Ocean’s Seven: 7 ocean-themed books to read this summer

© Rodolphe Holler

Let’s face it: Most people aren’t reading Dostoyevsky at the beach.

Amid the bright sunshine and lapping waves, it’s easier to page through a grocery-store romance novel than focus on a dense book that is unconnected to your surroundings. But here’s a thought: Let the sea inspire you to learn more about it.

With that in mind, here are seven marine-themed page-turners recommended by Conservation International staff who work on ocean issues around the globe.


1.     “The Whale: In Search of the Giants of the Sea, by Philip Hoare

A beautifully written account of man’s interactions with whales over time. It includes a fascinating and passionate description of the biology and remarkable abilities that make whales so special, as well as the history of the whaling industry, with quotes from “Moby Dick” scattered throughout.

— Keith Lawrence, senior director of CI’s seascapes program


2.     “An Island Out of Time: A Memoir of Smith Island in the Chesapeake, by Tom Horton

When you grow up in Baltimore, you eat steamed blue crabs in the summertime. It’s just what you do. But despite all the crab feasts, with parents and aunts and uncles arguing over the best way to pick a crab, people rarely think about where these crabs come from and who caught them.

This book, by longtime Baltimore Sun writer Tom Horton, illuminates one of the many towns on the Chesapeake Bay that depends on fishing for its livelihood. He offers a glimpse of this unique community that lives and dies on the bounty the bay provides. The community has changed since the book was published 20 years ago, but that doesn’t take away from the beauty and charm Horton conveys on the page — especially regarding the Smith Island eight-layer chocolate cake.

— Kevin Connor, CI senior media relations manager


3.     “The Old Man and the Sea,” by Ernest Hemingway

A short but completely mesmerizing read. Hemingway invites the reader to witness a fisherman’s intimate relationship with the sea in a way that few of us would imagine, let alone experience. As you sit on the beach and read this, you won’t be able to help gazing beyond the waves and thinking not only about the biological complexity of the ocean, but also the psychological complexity of humans.

— Johanna Polsenberg, director of the Ocean Health Index


3.     “Song of the Dodo,” by David Quammen

Although not strictly an “ocean” book, this is a highly readable book that provides insight gleaned from islands about evolution and ecology — insight we should heed as human activities continue to carve up the world’s natural areas into ever-smaller “islands.”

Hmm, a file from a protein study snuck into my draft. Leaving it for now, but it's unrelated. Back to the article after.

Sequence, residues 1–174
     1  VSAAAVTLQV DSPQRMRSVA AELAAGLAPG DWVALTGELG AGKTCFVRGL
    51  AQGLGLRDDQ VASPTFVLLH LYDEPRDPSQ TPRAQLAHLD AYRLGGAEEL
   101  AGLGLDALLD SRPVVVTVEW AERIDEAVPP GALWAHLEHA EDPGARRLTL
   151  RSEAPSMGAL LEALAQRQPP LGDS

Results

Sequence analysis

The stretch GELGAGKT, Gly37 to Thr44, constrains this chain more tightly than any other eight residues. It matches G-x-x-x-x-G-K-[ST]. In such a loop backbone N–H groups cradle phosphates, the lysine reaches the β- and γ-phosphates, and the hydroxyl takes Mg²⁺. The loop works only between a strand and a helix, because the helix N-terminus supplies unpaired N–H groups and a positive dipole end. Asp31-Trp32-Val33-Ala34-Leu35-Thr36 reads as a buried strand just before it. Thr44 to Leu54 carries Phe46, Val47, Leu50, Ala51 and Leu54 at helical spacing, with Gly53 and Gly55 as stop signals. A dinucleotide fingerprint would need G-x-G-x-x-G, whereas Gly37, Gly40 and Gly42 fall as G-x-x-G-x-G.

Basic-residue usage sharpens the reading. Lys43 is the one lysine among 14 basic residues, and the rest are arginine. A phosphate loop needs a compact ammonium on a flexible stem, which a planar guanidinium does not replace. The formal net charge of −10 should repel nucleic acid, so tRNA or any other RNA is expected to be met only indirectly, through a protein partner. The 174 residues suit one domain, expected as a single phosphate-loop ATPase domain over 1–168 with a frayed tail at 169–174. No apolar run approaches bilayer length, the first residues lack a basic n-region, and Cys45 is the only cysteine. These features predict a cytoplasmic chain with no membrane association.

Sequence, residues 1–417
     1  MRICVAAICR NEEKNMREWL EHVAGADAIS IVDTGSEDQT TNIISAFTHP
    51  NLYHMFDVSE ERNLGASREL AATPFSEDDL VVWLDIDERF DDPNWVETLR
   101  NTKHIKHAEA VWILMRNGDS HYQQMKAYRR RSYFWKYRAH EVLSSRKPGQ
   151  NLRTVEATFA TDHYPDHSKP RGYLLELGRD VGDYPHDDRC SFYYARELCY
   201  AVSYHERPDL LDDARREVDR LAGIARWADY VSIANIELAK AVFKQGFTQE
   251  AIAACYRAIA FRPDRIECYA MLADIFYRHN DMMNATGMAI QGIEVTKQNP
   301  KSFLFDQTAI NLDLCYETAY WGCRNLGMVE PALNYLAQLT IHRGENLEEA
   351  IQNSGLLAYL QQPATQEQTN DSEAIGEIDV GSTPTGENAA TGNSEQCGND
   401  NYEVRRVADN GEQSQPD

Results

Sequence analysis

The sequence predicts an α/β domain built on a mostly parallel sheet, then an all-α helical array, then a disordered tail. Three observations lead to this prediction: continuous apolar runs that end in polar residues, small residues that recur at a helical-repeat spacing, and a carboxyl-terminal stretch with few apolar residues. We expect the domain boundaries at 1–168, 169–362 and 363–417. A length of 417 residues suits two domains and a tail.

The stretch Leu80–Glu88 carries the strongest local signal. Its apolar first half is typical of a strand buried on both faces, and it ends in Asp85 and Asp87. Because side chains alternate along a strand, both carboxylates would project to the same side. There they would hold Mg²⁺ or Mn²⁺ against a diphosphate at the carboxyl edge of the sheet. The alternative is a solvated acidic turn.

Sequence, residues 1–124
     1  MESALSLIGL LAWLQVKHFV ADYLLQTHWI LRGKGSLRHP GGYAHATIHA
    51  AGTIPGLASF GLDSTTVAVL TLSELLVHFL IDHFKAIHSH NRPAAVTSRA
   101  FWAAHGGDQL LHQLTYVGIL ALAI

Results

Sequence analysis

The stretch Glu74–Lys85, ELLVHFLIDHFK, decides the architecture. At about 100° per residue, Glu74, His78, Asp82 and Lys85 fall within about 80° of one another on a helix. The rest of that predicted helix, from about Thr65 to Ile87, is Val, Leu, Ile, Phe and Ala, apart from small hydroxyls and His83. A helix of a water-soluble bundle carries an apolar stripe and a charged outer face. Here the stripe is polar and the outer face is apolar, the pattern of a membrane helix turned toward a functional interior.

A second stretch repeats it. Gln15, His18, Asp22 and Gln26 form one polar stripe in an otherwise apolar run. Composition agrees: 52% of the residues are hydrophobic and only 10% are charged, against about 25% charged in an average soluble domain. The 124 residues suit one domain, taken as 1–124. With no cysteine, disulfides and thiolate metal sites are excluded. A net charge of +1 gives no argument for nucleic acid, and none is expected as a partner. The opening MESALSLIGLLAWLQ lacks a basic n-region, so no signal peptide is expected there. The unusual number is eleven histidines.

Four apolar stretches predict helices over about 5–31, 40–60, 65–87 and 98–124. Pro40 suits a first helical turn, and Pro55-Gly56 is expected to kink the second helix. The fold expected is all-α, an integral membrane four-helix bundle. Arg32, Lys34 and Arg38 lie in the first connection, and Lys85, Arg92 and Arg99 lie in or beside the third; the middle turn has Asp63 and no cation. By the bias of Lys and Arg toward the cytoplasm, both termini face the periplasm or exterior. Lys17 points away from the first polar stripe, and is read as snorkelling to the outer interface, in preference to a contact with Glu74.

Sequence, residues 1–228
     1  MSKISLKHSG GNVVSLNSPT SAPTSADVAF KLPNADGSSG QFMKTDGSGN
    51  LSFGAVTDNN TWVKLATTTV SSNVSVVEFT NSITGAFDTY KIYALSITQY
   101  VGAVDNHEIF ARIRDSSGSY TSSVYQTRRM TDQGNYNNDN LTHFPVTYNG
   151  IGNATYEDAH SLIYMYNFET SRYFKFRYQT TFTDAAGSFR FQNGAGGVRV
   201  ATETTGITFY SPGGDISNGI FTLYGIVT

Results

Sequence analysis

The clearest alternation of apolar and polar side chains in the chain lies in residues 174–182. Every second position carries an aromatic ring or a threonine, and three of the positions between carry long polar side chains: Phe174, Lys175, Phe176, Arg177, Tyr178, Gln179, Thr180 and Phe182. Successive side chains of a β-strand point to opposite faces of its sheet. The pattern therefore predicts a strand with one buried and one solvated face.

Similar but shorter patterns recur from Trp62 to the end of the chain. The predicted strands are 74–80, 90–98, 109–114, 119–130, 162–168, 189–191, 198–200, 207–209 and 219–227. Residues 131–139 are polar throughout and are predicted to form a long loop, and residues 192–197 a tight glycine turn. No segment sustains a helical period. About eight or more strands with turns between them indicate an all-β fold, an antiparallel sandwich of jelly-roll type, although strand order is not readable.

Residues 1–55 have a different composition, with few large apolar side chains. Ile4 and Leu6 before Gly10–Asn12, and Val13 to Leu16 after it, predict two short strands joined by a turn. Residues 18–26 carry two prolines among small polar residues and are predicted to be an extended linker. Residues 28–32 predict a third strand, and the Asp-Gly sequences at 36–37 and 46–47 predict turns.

— Scott Henderson, vice president of CI’s Americas field division marine program


5.    Sailing In The Wake of the Ancestors: Reviving Polynesian Voyaging,” by Ben R. Finney

This book tells the story of Hawaiians and Polynesians struggling to revive ocean voyaging, and how their experiences help them to resolve contemporary problems with renewed pride and courage. The book is especially poignant for me as I witness the journey of the Hōkūle’a, a Polynesian voyaging canoe that is currently on a worldwide voyage spreading the message of Mālama Honua (“caring for our island Earth”).

— Kehau Springer, coastal community capacity development advisor for CI Hawai‘i


6.     ​“American Catch: The Fight for Our Local Seafood,by Paul Greenberg

This book on fisheries, markets and consumption provides good case studies on both challenges and solutions. It’s a must-read for anyone looking to use their purchasing power to make more responsible choices.

— Jack Kittinger, director of CI Hawai‘i


7.     “A Pattern of Islands,by Arthur Grimble

 A 1930s account of Kiribati at the time of colonization, only recently back in print. A great description of “ocean people” and culture.

— Greg Stone, executive vice president of the Betty and Gordon Moore Center for Science and Oceans


Even if your summer plans don’t include the beach — or if it’s not summer where you are — these picks will help you better understand the world’s largest biome.

Happy reading!


Molly Bergen is the senior managing editor of Human Nature.